In a review of business ethics with reference to global climate change, the material referring to the issue has been minimal. This is in spite of the topic of global climate change being a key subject in ethics for scientists, policy analysts and politicians, because of its adverse effect on the ecosystem, human and nonhuman populations. Ethical analysis has been focused on distribution of the burden among states, in order to reduce emissions.
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With the large corporations focusing more on design and contracting suppliers in developing countries, it may be seen as an issue of chasing cheap labor and transfer of the emissions to third world countries, where the factories are situated. While this paper will not look at the ethics of business with regard to climate change, it was a necessary perspective, as we observe the working conditions provided by these corporations, to their suppliers (Arnold and Bustos 1).
The globalization of production has resulted in international division of labor, whereby companies prefer to focus on product design and marketing, while the production of the items is contracted to suppliers in developing countries. Companies that contract their items to suppliers in developing countries include Nike and Reebok. Labor and human right activists are opposed to this since they view it as exploiting foreign workers, in their chase for cheap labor.
In doing so, these big companies pay the laborers poorly, make use of child labor, ignore human rights and keep their workers from joining labor unions that would help them in addressing the issues of workplace standards. Codes of conduct have been developed by many of these companies, in order to try and meet the concerns raised by the suppliers (Maitland 155).
Campaign against international sweatshops
The main channel through which the issues have been publicized is the television, followed by print media. The media has disclosed information regarding the sweatshops by televising the poor work conditions in the factories. One of the issues raised was by Kernighan in 1996, when he disclosed that the Kathie Lee Gifford’s clothing line was being made by laborers aged between 12 and 15, and that they worked for more than 18 hours a day.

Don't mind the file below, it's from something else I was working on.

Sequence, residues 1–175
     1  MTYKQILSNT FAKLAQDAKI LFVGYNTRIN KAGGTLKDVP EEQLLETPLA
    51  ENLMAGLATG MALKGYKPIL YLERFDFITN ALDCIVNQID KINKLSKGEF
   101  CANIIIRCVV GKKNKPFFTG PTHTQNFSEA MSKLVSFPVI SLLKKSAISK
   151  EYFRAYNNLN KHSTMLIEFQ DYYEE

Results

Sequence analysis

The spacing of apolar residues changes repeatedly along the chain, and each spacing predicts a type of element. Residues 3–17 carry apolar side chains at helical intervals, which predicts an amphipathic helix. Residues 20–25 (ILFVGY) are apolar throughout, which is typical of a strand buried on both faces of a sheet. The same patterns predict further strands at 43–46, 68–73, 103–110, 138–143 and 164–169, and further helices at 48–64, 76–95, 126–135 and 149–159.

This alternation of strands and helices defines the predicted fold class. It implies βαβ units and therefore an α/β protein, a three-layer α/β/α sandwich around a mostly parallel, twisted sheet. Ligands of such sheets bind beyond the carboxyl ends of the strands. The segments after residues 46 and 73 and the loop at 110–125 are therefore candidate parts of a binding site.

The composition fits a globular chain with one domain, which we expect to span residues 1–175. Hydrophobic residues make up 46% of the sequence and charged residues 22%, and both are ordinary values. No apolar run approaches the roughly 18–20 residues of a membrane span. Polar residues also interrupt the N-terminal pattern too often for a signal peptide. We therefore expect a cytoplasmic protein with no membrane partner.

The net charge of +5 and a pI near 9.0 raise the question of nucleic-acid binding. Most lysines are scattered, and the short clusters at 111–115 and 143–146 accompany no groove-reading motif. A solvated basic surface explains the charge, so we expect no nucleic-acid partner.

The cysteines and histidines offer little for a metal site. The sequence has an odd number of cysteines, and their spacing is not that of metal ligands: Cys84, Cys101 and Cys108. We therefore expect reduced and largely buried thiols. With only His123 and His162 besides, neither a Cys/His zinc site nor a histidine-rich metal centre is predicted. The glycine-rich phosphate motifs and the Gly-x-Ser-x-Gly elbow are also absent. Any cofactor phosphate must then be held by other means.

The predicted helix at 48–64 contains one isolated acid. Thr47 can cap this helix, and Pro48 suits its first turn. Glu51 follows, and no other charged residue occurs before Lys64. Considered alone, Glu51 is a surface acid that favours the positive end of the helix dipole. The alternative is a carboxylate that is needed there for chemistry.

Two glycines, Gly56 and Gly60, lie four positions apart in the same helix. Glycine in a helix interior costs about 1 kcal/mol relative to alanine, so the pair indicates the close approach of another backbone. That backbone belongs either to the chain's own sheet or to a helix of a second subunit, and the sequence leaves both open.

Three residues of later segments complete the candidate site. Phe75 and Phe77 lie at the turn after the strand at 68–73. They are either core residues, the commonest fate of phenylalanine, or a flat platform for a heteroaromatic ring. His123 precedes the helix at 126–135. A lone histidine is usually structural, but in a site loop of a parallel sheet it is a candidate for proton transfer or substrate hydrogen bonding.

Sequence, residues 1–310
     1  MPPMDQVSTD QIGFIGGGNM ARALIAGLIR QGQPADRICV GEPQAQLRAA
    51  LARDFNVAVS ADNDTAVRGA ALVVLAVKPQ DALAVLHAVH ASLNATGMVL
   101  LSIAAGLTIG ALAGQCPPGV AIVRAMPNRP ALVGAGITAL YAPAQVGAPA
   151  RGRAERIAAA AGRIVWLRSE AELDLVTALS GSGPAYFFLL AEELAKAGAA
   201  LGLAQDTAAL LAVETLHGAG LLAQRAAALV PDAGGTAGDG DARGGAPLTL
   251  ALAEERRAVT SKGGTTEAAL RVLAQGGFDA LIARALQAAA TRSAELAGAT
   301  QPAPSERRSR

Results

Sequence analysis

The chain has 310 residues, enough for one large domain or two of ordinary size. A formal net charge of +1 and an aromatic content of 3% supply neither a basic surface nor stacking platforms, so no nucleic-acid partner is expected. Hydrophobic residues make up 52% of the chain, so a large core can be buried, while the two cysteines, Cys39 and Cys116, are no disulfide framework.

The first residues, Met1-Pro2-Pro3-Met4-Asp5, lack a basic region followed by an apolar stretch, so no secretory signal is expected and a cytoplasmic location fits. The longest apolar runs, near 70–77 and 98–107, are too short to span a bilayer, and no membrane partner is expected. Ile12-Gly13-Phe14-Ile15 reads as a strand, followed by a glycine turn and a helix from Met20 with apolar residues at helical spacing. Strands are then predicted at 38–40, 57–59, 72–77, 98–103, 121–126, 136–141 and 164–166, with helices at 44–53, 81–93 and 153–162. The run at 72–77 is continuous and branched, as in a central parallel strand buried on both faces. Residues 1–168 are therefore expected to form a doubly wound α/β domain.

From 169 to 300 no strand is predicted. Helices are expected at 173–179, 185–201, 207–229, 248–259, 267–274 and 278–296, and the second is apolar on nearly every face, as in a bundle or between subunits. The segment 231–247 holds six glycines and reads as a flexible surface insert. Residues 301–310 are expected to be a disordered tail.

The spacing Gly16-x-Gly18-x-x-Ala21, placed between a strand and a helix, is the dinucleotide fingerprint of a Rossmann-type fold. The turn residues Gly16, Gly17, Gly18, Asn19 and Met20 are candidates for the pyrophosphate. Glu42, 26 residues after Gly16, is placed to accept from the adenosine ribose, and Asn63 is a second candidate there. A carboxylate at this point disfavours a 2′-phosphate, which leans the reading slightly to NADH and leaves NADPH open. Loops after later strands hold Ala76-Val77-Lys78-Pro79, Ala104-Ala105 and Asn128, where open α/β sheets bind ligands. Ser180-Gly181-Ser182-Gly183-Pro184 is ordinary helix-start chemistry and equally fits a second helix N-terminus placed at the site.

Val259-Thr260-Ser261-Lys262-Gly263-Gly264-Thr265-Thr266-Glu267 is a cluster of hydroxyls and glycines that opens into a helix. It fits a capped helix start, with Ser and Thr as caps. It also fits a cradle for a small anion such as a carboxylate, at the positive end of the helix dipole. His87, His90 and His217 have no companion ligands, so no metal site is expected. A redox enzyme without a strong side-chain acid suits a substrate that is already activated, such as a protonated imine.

The companies that make use of sweatshops are unable to come up with effective defence strategies when sued for their inhumane contracts, and therefore respond by suing for peace. This is strategic so that they can protect their corporate image. They have also taken up codes of conduct on human and labor rights, in their global practises (Maitland 156).
The companies adhere to the code of conduct so that they can protect their reputation, by not appearing to be unethical, unfair or conducting illegal operations. It is important to identify the appropriate labor standards in the international sweatshops, as well as find out the right wages for the workers. This paper looks at the labor conditions of the plant as reported by other researchers with a view to identifying their compliance to the codes of conduct (Maitland 156).
Ethically appropriate labor standards
There are policies set out to regulate the labor standards in international sweatshops, and they are discussed below.